d) borrowings can be partly assimilated graphically, e.g. in Greak borrowings «y» can be spelled in the middle of the word (symbol, synonym), «ph» denotes the sound /f/ (phoneme, morpheme), «ch» denotes the sound /k/(chemistry, chaos), «ps» denotes the sound /s/ (psychology).
Latin borrowings retain their polisyllabic structure, have double consonants, as a rule, the final consonant of the prefix is assimilated with the initial consonant of the stem, (accompany, affirmative).
French borrowings which came into English after 1650 retain their spelling, e.g. consonants «p», «t», «s» are not pronounced at the end of the word (buffet, coup, debris), Specifically French combination of letters «eau» /ou/ can be found in the borrowings: beau, chateau, troussaeu. Some of digraphs retain their French pronunciation: ‘ch’ is pronounced as /sh/, e.g. chic, parachute, ‘qu’ is pronounced as /k/ e.g. bouquet, «ou» is pronounced as /u: /, e.g. rouge; some letters retain their French pronunciation, e.g. «i» is pronounced as /i: /, e, g, chic, machine; «g» is pronounced as /3/, e.g. rouge.
Modern German borrowings also have some peculiarities in their spelling: common nouns are spelled with a capital letter e.g. Autobahn, Lebensraum; some vowels and digraphs retain their German pronunciation, e.g. «a» is pronounced as /a: / (Dictat), «u» is pronounced as /u: / (Kuchen), «au» is pronounced as /au/ (Hausfrau), «ei» is pronounced as /ai/ (Reich); some consonants are also pronounced in the German way, e.g. «s» before a vowel is pronounced as /z/ (Sitskrieg), «v» is pronounced as /f/ (Volkswagen), «w» is pronounced as /v/, «ch» is pronounced as /h/ (Kuchen).
Non-assimilated borrowings (barbarisms) are borrowings which are used by Englishmen rather seldom and are non-assimilated, e.g. addio (Italian), tete-a-tete (French), dolce vita (Italian), duende (Spanish), an homme a femme (French), gonzo (Italian) etc.
CLASSIFICATION OF BORROWINGS ACCORDING
TO THE LANGUAGE FROM WHICH THEY WERE BORROWED
Among words of Romanic origin borrowed from Latin during the period when the British Isles were a part of the Roman Empire, there are such words as: street, port, wall etc. Many Latin and Greek words came into English during the Adoption of Christianity in the 6-th century. At this time the Latin alphabet was borrowed which ousted the Runic alphabet. These borrowings are usually called classical borrowings. Here belong Latin words: alter, cross, dean, and Greek words: church, angel, devil, anthem.
Latin and Greek borrowings appeared in English during the Middle English period due to the Great Revival of Learning. These are mostly scientific words because Latin was the language of science at the time. These words were not used as frequently as the words of the Old English period, therefore some of them were partly assimilated grammatically, e.g. formula - formulae. Here also belong such words as: memorandum, minimum, maximum, veto etc.
Classical borrowings continue to appear in Modern English as well. Mostly they are words formed with the help of Latin and Greek morphemes. There are quite a lot of them in medicine (appendicitis, aspirin), in chemistry (acid, valency, alkali), in technique (engine, antenna, biplane, airdrome), in politics (socialism, militarism), names of sciences (zoology, physics). In philology most of terms are of Greek origin (homonym, archaism, lexicography).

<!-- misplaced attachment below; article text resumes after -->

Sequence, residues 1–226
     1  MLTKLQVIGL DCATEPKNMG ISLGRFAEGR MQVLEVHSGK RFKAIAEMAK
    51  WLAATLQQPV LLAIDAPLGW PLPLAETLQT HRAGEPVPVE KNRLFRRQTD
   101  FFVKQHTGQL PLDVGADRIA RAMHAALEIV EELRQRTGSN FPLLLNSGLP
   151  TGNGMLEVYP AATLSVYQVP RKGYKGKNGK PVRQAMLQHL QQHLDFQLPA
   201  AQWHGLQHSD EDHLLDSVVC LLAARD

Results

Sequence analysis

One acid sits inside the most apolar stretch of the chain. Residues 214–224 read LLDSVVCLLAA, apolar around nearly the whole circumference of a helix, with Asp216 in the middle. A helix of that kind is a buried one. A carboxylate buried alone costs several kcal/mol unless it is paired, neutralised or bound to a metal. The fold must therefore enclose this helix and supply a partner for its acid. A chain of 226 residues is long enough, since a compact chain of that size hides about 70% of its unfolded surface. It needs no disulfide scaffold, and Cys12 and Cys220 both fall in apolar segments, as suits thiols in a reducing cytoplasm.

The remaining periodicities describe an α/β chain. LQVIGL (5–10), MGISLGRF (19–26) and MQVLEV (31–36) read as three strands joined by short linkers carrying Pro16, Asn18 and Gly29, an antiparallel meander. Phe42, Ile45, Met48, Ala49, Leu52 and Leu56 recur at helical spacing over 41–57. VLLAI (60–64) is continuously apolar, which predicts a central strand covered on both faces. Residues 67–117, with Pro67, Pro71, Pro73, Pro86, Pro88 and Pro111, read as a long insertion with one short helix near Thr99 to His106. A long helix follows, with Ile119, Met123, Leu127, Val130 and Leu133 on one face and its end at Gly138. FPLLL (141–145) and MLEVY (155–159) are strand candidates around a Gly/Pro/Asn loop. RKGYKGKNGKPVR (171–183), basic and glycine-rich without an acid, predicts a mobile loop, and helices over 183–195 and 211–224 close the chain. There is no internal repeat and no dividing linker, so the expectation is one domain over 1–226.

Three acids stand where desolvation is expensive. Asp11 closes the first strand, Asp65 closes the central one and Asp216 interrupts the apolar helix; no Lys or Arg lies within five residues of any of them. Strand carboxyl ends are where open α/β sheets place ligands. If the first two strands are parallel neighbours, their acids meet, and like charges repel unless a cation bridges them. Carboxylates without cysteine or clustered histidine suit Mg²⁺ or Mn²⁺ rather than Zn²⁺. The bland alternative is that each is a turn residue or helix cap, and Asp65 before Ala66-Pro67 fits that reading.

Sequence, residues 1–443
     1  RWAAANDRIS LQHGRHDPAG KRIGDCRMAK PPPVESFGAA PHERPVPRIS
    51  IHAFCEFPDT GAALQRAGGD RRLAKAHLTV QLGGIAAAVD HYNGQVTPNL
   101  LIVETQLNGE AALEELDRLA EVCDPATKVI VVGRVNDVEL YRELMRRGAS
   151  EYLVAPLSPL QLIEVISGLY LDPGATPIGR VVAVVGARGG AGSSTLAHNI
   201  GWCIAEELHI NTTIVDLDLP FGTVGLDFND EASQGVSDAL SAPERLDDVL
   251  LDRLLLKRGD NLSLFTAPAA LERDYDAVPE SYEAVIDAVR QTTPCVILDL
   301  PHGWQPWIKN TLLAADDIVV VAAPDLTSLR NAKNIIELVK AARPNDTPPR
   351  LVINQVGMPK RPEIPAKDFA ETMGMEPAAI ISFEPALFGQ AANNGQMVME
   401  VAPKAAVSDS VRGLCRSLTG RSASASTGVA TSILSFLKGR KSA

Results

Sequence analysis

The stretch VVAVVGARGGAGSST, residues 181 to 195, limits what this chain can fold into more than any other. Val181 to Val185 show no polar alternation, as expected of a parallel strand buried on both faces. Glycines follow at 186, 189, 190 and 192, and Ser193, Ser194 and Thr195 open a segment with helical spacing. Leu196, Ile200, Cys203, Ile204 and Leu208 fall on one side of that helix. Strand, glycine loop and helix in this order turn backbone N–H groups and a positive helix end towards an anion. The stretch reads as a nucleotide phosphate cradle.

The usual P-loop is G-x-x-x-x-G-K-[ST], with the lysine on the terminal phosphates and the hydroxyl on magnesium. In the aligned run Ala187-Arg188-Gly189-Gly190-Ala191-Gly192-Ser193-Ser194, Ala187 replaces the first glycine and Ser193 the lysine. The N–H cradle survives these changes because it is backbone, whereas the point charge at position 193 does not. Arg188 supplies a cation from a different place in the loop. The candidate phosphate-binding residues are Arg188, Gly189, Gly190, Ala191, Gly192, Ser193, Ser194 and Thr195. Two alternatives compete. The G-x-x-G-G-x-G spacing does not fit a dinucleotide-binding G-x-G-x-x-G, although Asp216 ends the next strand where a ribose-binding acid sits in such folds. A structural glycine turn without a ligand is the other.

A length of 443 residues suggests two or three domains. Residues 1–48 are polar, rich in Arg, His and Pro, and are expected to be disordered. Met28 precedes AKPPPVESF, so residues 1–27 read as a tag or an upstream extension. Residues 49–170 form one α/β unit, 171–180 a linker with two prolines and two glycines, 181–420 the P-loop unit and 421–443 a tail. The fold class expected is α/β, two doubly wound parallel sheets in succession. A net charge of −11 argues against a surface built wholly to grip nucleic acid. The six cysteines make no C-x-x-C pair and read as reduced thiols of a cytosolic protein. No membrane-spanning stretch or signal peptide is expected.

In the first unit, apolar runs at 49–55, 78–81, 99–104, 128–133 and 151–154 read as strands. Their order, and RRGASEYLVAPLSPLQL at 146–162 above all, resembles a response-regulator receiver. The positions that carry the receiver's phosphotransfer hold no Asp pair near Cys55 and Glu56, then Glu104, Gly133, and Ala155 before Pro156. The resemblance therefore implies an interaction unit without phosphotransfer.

The influence of French on the English spelling.
The largest group of borrowings are French borrowings. Most of them came into English during the Norman conquest. French influenced not only the vocabulary of English but also its spelling, because documents were written by French scribes as the local population was mainly illiterate, and the ruling class was French. Runic letters remaining in English after the Latin alphabet was borrowed were substituted by Latin letters and combinations of letters, e.g. «v» was introduced for the voiced consonant /v/ instead of «f» in the intervocal position /lufian - love/, the digraph «ch» was introduced to denote the sound /ch/ instead of the letter «c» / chest/ before front vowels where it had been palatalized, the digraph «sh» was introduced instead of the combination «sc» to denote the sound /sh/ /ship/, the digraph «th» was introduced instead of the Runic letters «0» and « » /this, thing/, the letter «y» was introduced instead of the Runic letter «3» to denote the sound /j/ /yet/, the digraph «qu» substituted the combination «cw» to denote the combination of sounds /kw/ /queen/, the digraph «ou» was introduced to denote the sound /u: / /house/ (The sound /u: / was later on diphthongized and is pronounced /au/ in native words and fully assimilated borrowings). As it was difficult for French scribes to copy English texts they substituted the letter «u» before «v», «m», «n» and the digraph «th» by the letter «o» to escape the combination of many vertical lines /«sunu» - «son», luvu» - «love»/.
Borrowing of French words.
There are the following semantic groups of French borrowings:
a) words relating to government: administer, empire, state, government;
b) words relating to military affairs: army, war, banner, soldier, battle;
c) words relating to jury: advocate, petition, inquest, sentence, barrister;
d) words relating to fashion: luxury, coat, collar, lace, pleat, embroidery;
e) words relating to jewelry: topaz, emerald, ruby, pearl;
f) words relating to food and cooking: lunch, dinner, appetite, to roast, to stew.
Words were borrowed from French into English after 1650, mainly through French literature, but they were not as numerous and many of them are not completely assimilated. There are the following semantic groups of these borrowings:
a) words relating to literature and music: belle-lettres, conservatorie, brochure, nuance, piruette, vaudeville;